Skip to main content

The Writing Teacher in Summer II

That picture isn't too accurate. Sunglasses, yes, but mountains, beaches and/or deserts? Nope. Like you, I had hoped this would be a summer with some freedom (art museums? long drives along scenic highways? pizza with friends? time with grandchildren at big city festivals?). Instead, we got quarantine. And instead, I needed some eye surgery. (It went very well, but it means that I couldn't really see much of anything for a week, and we're planning on another week of the same in a little while. Couldn't do much in the way of exercise either.) 

Last fall I really liked the way my 100 class went, so obviously the plan was to do much the same thing this fall. Nope. Covid-19. So now I have to figure out how to set up a class so it works well for you but with a lot less physical closeness (and a lot less sneezing and coughing on one another).

So what have I been doing?
  • Setting up English 101 and 102 distance education courses for the CCP (College Credit Plus) program.
  • Lots of local bike riding. (I love the bike trails—a couple hours a day sounds great).
  • When the weather or surgery recovery doesn't permit biking, I try to walk the bike trails instead. I've got a wild flower book, and I'm figuring out what some of those weeds really are. (Turns out that one really common "weed" is wild strawberries.)
  • For a long time, I couldn't just pop out to a restaurant for dinner, so I am relearning how to cook.
  • Reading murder mystery novels.
  • Writing letters to friends and blog items. 😉

For the future

The college is still working on details for re-opening in the Fall, taking all the coronavirus issues into account. (I'm so glad I'm not on that committee!) I don't yet know much, but we are definitely going to be in business—just not quite business as usual. I'm going to start posting specific how-to information at the end of July. In the meanwhile, the blog will be more personal.

By the way

If you are new to the blog, a lot of the early material was about getting ready for the Fall Semester. Doing something that resembles student work will really help your mind stay in gear, so I've recommended some reading and given you some advice about getting your computer ready for the new term. Go to the upper right of this page and click the thing with three little lines ☰ to see the older items.


Popular posts from this blog

Getting Ready to Launch

Hello and welcome to Ashland University English 100.

I am writing this on the last day of Spring semester final exam week, looking forward to a full summer and getting ready for the fall. Even in ordinary times, the summer between high school and college was confusing, frightening, and a little sad. After all, you have to leave a whole lifestyle behind and try to figure out how to become something (and someone) rather new. If you are uncertain whether it will all work, you're not alone.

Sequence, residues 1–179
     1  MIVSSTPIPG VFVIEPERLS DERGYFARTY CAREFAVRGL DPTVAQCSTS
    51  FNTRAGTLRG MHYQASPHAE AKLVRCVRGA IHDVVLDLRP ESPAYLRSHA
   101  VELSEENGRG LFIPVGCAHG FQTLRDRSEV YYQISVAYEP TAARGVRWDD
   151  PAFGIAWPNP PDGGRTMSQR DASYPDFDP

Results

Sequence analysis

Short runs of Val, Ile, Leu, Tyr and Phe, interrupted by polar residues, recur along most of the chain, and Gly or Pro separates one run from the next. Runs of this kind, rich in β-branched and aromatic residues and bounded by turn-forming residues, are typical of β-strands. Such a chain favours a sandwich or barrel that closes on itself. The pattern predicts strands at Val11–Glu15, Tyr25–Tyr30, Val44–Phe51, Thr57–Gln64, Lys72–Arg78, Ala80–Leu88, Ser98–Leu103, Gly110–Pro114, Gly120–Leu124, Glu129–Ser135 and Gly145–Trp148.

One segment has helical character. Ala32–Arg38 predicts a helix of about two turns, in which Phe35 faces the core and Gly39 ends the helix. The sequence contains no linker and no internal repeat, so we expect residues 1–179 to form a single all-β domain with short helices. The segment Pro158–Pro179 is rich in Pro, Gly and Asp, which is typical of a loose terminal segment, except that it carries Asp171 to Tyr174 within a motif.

The whole business with the coronavirus Covid-19 has made things even more strange and uncertain. The last day I saw my students was the day before Spring Break (March 6, 2020). We did the second half of the semester as a distance education course, with nobody on campus. I couldn't even visit my office to retrieve supplies. We really have no way of predicting how things will be in 3½ months—will we be together in class or not? I am just much in the dark as you are. So here is how we will deal w…

Summer Reading I

Summer is a time for some relaxed reading—even more this year than normal because a lot of the typical summer things won't work this year. Hang out with friends? Go to the movies? Swimming pool? Shoot a few hoops? Expedition to the mall? Not going to happen this year. There's just so much Facebook and Twitter that a brain can stand, and the evening news is plain depressing.

I'm going to suggest a few books to read. I assume that your local library and bookstore are closed at the moment, so these are all computer downloads, and they are all free. These are all from Project Gutenberg, which is the home of an incredible number of great books, all free and legal.

Onward we go, in no particular order (these are just a few titles that came to mind as I threw this item together—I'm certain I will think of others later):
The Adventures of Sherlock Holmes by Arthur Conan Doyle (The original murder mystery author)Treasure Island by Robert Louis Stevenson (Long before there was …

Late Preparations

During this last month Look carefully at your class schedule. Mistakes happen, and you will find it much easier to correct them in the week or two before classes start. Do a campus walk-through. We are a small campus, but we are still big enough to be confusing. Some buildings are known by more than one name (a great example is the building our class is in: commonly called Dauch, it's also called COBE, which stands for the College of Business and Economics). Your Monday-Wednesday-Friday schedule is different from your Tuesday-Thursday schedule. Walk both of them and actually find the rooms.Get an eye exam. Don't laugh. At least one student in every section I teach sits in the back, squinting and struggling to see the board. If you need glasses, get them. Wear them. They don't look weird.Go shopping. I assume you'll buy new clothes and such, but don't go overboard. What you wore in high school will probably work in college. Do be aware, though, that your class sched…